Variant Reading(s): differing versions of a word or phrase found in two or more manuscripts within a variation unit (see below). Variant readings are also called alternate readings.
Variation Unit: any portion of text that exhibits variations in its reading between two or more different manuscripts. It is important to distinguish variation units from variant readings. Variation units are the places in the text where manuscripts disagree, and each variation unit has at least two variant readings. Setting the limits and range of a variation unit is sometimes difficult or even controversial because some variant readings affect others nearby. Such variations may be considered individually, or as elements of a single reading. One should also note that the terms “manuscript” and “witness” may appear to be used interchangeably in this context. Strictly speaking, “witness” (see below) will only refer to the content of a given manuscript or fragment, which it predates to a greater or lesser extent. However, the only way to reference the “witness” is by referring to the manuscript or fragment that contains it. In this book, we have sometimes used the terminology “witness of x or y manuscript” to distinguish the content in this way.
TERMS AS TO HOW WE SHOULD OBJECTIVELY VIEW THE DEGREE OF CERTAINTY FOR THE READING ACCEPTED AS THE ORIGINAL
The modal verbs are might have been (30%), may have been (40%), could have been (55%), would have been (80%), must have been (95%), which are used to show that we believe the originality of a reading is certain, probable or possible.
The letter [WP] stands for Weak Possibility (30%), which indicates that this is a low-level proof that the reading might have been original in that it is enough evidence to accept that the variant might have been possible, but it is improbable. We can say the reading might have been original, as there is some evidence that is derived from manuscripts that carry very little weight, early versions, or patristic quotations.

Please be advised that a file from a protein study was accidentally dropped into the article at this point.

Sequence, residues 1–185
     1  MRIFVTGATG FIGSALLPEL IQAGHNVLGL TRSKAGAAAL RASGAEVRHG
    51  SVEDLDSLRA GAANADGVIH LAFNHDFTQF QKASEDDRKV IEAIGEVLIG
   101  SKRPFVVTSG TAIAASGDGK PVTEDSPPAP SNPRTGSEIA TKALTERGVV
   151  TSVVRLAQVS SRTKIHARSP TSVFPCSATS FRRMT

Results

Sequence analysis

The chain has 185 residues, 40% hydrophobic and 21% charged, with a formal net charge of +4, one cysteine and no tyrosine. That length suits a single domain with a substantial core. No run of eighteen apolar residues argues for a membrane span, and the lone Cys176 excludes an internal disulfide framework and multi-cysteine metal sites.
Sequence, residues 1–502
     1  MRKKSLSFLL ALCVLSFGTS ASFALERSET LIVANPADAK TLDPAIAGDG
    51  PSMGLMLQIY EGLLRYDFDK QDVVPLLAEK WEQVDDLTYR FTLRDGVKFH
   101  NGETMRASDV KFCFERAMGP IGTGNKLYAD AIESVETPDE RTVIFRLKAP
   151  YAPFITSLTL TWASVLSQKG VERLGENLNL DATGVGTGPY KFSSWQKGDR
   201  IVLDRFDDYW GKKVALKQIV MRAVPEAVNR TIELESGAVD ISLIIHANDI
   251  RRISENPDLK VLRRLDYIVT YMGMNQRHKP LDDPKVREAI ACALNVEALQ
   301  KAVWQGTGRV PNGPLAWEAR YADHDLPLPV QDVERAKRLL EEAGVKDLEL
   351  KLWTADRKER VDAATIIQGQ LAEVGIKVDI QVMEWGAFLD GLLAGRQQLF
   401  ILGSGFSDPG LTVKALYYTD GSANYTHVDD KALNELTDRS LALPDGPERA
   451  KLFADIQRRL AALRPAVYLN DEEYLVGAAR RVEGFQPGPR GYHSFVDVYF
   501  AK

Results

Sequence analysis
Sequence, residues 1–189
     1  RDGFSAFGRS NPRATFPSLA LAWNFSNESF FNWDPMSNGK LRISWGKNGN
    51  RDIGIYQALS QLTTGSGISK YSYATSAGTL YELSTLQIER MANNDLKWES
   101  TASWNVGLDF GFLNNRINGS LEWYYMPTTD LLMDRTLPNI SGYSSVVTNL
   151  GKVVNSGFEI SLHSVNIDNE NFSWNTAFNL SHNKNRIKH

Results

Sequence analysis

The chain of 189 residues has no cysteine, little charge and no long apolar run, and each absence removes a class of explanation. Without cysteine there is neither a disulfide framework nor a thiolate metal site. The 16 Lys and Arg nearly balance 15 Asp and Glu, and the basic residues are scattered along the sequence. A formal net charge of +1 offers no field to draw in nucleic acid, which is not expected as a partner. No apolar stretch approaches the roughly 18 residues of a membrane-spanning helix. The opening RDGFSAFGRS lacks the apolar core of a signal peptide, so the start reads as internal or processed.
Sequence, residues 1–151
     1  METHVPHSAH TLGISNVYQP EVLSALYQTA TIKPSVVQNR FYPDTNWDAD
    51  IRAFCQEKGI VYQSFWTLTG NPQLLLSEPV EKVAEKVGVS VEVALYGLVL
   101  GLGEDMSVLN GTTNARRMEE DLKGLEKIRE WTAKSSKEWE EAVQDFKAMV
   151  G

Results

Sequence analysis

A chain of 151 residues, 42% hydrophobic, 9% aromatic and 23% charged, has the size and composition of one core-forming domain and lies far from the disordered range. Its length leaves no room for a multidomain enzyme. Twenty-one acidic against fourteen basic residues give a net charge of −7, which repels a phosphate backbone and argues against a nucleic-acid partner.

The letter [P] stands for Plausible (40%), which indicates that this is a low-level proof that the reading may have been original in that it is enough to accept a variant to be original and we have enough evidence for our belief. The reading may have been original but it is not probably so.
The letter [PE] stands for Preponderance of Evidence (55%), which indicates that this is a higher-level proof that the reading could have been original in that it is enough to accept as such unless another reading emerges as more probable.
The letter [CE] stands for Convincing Evidence (80%), which indicates that the evidence is an even higher-level proof that the reading surely was the original in that the evidence is enough to accept it as substantially certain unless proven otherwise.
The letter [BRD] stands for Beyond Reasonable Doubt (95%), which indicates that this is the highest level of proof: the reading must have been original in that there is no reason to doubt it. It must be understood that feeling as though we have no reason to doubt is not the same as one hundred percent absolute certainty.